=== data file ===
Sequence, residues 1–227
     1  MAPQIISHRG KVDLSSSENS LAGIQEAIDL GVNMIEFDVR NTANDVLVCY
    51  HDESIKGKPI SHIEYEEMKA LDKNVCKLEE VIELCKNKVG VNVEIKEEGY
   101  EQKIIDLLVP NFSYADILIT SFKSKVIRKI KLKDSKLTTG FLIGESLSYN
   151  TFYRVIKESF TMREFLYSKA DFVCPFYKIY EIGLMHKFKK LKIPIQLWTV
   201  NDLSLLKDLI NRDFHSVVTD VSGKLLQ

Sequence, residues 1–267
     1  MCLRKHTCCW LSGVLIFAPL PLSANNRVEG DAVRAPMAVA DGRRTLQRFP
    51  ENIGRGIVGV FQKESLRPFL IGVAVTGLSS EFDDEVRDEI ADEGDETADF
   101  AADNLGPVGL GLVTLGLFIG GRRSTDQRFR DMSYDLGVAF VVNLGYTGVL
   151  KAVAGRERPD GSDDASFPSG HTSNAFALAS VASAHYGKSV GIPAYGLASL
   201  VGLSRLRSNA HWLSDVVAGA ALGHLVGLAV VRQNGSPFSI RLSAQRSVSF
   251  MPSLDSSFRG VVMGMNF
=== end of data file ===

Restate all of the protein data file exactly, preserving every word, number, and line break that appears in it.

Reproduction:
Sequence, residues 1–227
     1  MAPQIISHRG KVDLSSSENS LAGIQEAIDL GVNMIEFDVR NTANDVLVCY
    51  HDESIKGKPI SHIEYEEMKA LDKNVCKLEE VIELCKNKVG VNVEIKEEGY
   101  EQKIIDLLVP NFSYADILIT SFKSKVIRKI KLKDSKLTTG FLIGESLSYN
   151  TFYRVIKESF TMREFLYSKA DFVCPFYKIY EIGLMHKFKK LKIPIQLWTV
   201  NDLSLLKDLI NRDFHSVVTD VSGKLLQ

Sequence, residues 1–267
     1  MCLRKHTCCW LSGVLIFAPL PLSANNRVEG DAVRAPMAVA DGRRTLQRFP
    51  ENIGRGIVGV FQKESLRPFL IGVAVTGLSS EFDDEVRDEI ADEGDETADF
   101  AADNLGPVGL GLVTLGLFIG GRRSTDQRFR DMSYDLGVAF VVNLGYTGVL
   151  KAVAGRERPD GSDDASFPSG HTSNAFALAS VASAHYGKSV GIPAYGLASL
   201  VGLSRLRSNA HWLSDVVAGA ALGHLVGLAV VRQNGSPFSI RLSAQRSVSF
   251  MPSLDSSFRG VVMGMNF